19. Michele Boldrin & Lawrence J. Christiano & Jonas D. M. Fisher, 1999. "Habit persistence, asset returns and the business cycles," Working Paper Series WP-99-14, Federal Reserve Bank of Chicago.
  20. Hayashi, Fumio, 1982. "Tobin's Marginal q and Average q: A Neoclassical Interpretation," Econometrica, Econometric Society, vol. 50(1), pages 213-24, January.
  21. John Y. Campbell, 1992. "Inspecting the Mechanism: An Analytical Approach to the Stochastic Growth Model," NBER Working Papers 4188, National Bureau of Economic Research, Inc.
  22. Judd, Kenneth L., 1992. "Projection methods for solving aggregate growth models," Journal of Economic Theory, Elsevier, vol. 58(2), pages 410-452, December.
  23. Xavier Gabaix, 2012. "Variable Rare Disasters: An Exactly Solved Framework for Ten Puzzles in Macro-Finance," The Quarterly Journal of Economics, Oxford University Press, vol. 127(2), pages 645-700.
  24. Dimitris Papanikolaou, 2011. "Investment Shocks and Asset Prices," Journal of Political Economy, University of Chicago Press, vol. 119(4), pages 639 - 685.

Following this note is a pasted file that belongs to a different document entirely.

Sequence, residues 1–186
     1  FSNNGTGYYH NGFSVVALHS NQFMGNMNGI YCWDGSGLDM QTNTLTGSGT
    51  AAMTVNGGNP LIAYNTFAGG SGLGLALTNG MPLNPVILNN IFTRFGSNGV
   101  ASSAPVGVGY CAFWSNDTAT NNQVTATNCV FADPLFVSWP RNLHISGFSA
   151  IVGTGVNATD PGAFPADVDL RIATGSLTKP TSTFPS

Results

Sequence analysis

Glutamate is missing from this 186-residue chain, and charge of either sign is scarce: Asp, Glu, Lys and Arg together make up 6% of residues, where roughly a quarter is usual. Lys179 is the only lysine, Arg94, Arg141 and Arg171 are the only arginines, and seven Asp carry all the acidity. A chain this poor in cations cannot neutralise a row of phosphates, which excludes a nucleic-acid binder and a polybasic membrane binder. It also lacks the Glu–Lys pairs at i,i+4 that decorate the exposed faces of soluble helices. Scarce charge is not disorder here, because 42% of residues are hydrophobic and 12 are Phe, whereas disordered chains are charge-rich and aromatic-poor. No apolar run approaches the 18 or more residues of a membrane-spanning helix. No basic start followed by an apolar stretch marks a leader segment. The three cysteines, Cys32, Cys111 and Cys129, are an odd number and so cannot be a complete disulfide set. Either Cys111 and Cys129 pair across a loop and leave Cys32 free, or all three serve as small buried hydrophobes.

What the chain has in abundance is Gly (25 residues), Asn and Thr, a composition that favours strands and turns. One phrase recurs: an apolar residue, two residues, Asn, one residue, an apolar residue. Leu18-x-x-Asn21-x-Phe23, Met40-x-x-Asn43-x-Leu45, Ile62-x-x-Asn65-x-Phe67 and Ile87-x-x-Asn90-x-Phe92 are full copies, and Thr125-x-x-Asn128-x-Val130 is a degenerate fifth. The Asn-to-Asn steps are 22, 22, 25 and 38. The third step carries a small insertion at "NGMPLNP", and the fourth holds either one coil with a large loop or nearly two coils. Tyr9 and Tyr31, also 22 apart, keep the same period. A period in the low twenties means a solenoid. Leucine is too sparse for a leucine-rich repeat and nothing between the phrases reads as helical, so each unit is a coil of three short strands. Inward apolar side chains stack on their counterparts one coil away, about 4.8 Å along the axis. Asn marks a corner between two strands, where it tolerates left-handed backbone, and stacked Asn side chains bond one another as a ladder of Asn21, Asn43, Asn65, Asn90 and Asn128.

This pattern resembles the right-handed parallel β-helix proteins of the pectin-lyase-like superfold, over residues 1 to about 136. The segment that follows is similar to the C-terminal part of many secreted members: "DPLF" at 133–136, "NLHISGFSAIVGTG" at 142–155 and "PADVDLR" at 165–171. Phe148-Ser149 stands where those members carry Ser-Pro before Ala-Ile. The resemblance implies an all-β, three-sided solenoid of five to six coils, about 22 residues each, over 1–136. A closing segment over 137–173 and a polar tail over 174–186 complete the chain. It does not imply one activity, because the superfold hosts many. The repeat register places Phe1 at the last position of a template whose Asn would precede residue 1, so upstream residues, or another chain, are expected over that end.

25. Bansal, Ravi & Khatchatrian, Varoujan & Yaron, Amir, 2005. "Interpretable asset markets?," European Economic Review, Elsevier, vol. 49(3), pages 531-560, April.
  26. Lars-Alexander Kuehn & Nicolas Petrosky-Nadeau & Lu Zhang, 2012. "An Equilibrium Asset Pricing Model with Labor Market Search," NBER Working Papers 17742, National Bureau of Economic Research, Inc.
  27. Miles S. Kimball, 1989. "Precautionary Saving in the Small and in the Large," NBER Working Papers 2848, National Bureau of Economic Research, Inc.
  28. Morten O. Ravn & Harald Uhlig, 2002. "On adjusting the Hodrick-Prescott filter for the frequency of observations," The Review of Economics and Statistics, MIT Press, vol. 84(2), pages 371-375.
  29. Fernando Restoy & G. Michael Rockinger, 1993. "On Stock Market Returns and Returns on Investments," Working Papers 9311, Banco de España;Working Papers Homepage.
  30. Hansen, Lars Peter, 1982. "Large Sample Properties of Generalized Method of Moments Estimators," Econometrica, Econometric Society, vol. 50(4), pages 1029-54, July.
  31. John H. Cochrane, 2011. "Presidential Address: Discount Rates," Journal of Finance, American Finance Association, vol. 66(4), pages 1047-1108, 08.
  32. Ravi Bansal & Amir Yaron, 2004. "Risks for the Long Run: A Potential Resolution of Asset Pricing Puzzles," Journal of Finance, American Finance Association, vol. 59(4), pages 1481-1509, 08.
  33. Urban J. Jermann, 2005. "The Equity Premium Implied by Production," 2005 Meeting Papers 630, Society for Economic Dynamics.